DMU has monitored the energy flows in the award winning ‘Solar House’ eco home that was built in Leicester in 2013. The house features a heating system that integrates solar photovoltaic-thermal hybrid (PV/T) panels with a heat pump and a low temperature thermal store.
The novel aspect of this system is that the thermal store is underneath the house in the form of shallow boreholes in the soil. This makes the system cheaper than a conventional ground source heat pump since it can be built using tools available to most builders, even though the system is best suited to new-built homes.
“The team at DMU is investigating ways to reduce the system cost as well as exploring its suitability as a retrofit heating solution” says Greenough, explaining that their research system is installed in a small terraced house built in the 1800s, but currently unoccupied, while the thermal store (called an ‘earth energy bank’) is in a grass verge between the house and the university. The team is monitoring the electrical and thermal performance of the solar panels, the thermal performance of the system and the behaviour of the thermal store as heat is added and removed. Data are collected and used to validate system models that the team will use to explore modifications to the basic system design.
Seasonal heat storage allows the system to make use of the surplus heat available in the summer to heat the home in winter, but there are many days in which heat is added (typically around noon) and removed during the same day. This means that the heat does not get time to soak into the soil and the properties of the thermal grout around the boreholes improves system performance. In theory, cooling solar PV should increase the electrical energy capture, and coupling the heat pump with a warm thermal store should increase its Coefficient of Performance (CoP). In practice, the seasonal and diurnal heat flows are complex and there are questions around the optimal size and configuration of thermal store, the control system logic the impact on CoP and the overall lifecycle cost.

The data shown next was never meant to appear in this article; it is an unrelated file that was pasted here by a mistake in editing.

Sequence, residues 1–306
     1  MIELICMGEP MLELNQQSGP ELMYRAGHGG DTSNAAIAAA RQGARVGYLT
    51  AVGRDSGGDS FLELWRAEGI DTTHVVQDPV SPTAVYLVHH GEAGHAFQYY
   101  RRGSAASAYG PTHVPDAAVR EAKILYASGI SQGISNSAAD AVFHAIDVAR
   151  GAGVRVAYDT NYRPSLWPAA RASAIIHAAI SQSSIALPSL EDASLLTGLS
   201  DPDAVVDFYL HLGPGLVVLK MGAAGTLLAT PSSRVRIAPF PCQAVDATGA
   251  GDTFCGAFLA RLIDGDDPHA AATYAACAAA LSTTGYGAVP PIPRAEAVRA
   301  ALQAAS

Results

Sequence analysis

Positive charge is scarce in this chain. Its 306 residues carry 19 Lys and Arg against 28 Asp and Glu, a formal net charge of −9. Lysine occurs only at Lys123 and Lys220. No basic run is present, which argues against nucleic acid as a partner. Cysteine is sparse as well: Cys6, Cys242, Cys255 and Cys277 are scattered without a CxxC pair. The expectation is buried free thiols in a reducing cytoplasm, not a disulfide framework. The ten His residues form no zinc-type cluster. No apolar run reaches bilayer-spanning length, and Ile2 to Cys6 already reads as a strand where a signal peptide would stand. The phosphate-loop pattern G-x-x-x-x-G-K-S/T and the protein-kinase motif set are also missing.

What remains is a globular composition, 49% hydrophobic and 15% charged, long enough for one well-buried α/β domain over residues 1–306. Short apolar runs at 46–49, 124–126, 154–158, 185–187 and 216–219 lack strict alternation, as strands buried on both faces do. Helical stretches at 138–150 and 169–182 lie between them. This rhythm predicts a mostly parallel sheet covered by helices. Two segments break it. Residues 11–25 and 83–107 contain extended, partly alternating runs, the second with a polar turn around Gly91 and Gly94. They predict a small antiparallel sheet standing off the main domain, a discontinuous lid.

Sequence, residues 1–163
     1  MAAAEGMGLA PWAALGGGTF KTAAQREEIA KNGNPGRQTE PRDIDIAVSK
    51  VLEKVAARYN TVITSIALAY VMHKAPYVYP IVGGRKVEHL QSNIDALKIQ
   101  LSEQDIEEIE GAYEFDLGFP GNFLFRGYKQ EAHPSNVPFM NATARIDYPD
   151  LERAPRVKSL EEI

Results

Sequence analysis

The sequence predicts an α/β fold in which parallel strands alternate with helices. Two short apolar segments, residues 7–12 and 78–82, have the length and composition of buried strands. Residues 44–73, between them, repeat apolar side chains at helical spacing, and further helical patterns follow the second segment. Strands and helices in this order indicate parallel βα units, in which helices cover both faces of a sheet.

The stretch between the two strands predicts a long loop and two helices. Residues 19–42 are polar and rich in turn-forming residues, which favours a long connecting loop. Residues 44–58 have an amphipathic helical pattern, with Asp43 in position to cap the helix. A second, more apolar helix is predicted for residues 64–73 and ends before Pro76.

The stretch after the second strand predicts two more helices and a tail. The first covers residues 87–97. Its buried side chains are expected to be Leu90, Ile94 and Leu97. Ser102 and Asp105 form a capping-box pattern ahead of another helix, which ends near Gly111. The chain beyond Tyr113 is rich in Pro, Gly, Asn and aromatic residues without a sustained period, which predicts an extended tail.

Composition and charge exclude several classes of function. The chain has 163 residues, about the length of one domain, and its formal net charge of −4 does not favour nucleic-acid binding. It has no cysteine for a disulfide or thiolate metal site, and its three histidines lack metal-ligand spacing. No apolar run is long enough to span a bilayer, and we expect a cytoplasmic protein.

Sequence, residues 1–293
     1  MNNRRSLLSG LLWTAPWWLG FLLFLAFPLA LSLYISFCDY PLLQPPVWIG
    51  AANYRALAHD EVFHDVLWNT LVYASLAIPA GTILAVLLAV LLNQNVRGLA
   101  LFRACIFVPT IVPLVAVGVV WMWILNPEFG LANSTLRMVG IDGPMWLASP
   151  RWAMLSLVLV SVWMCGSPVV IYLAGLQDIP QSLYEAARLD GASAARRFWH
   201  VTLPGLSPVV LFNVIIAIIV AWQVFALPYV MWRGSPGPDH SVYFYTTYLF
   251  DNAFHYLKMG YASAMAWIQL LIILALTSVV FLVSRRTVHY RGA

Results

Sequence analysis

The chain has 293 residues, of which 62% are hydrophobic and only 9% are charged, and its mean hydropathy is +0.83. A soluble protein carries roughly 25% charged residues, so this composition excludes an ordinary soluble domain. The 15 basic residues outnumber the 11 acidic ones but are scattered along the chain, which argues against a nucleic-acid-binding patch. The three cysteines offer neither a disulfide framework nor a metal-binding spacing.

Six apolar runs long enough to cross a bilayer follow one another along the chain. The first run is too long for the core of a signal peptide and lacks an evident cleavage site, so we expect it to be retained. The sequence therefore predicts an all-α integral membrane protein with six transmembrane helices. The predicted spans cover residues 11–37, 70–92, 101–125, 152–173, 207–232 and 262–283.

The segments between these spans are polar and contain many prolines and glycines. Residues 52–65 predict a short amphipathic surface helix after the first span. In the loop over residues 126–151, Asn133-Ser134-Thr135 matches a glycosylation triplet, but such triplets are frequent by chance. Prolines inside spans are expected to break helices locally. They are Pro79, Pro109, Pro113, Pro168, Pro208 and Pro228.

The system has potential for exploitation in industry, according to Greenough, in particular in sectors where there is waste heat available and a heat requirement later in the day or year. Other applications include the possibility of heating other buildings in a city using waste industrial heat without the expense of district heating systems.
17 June 2016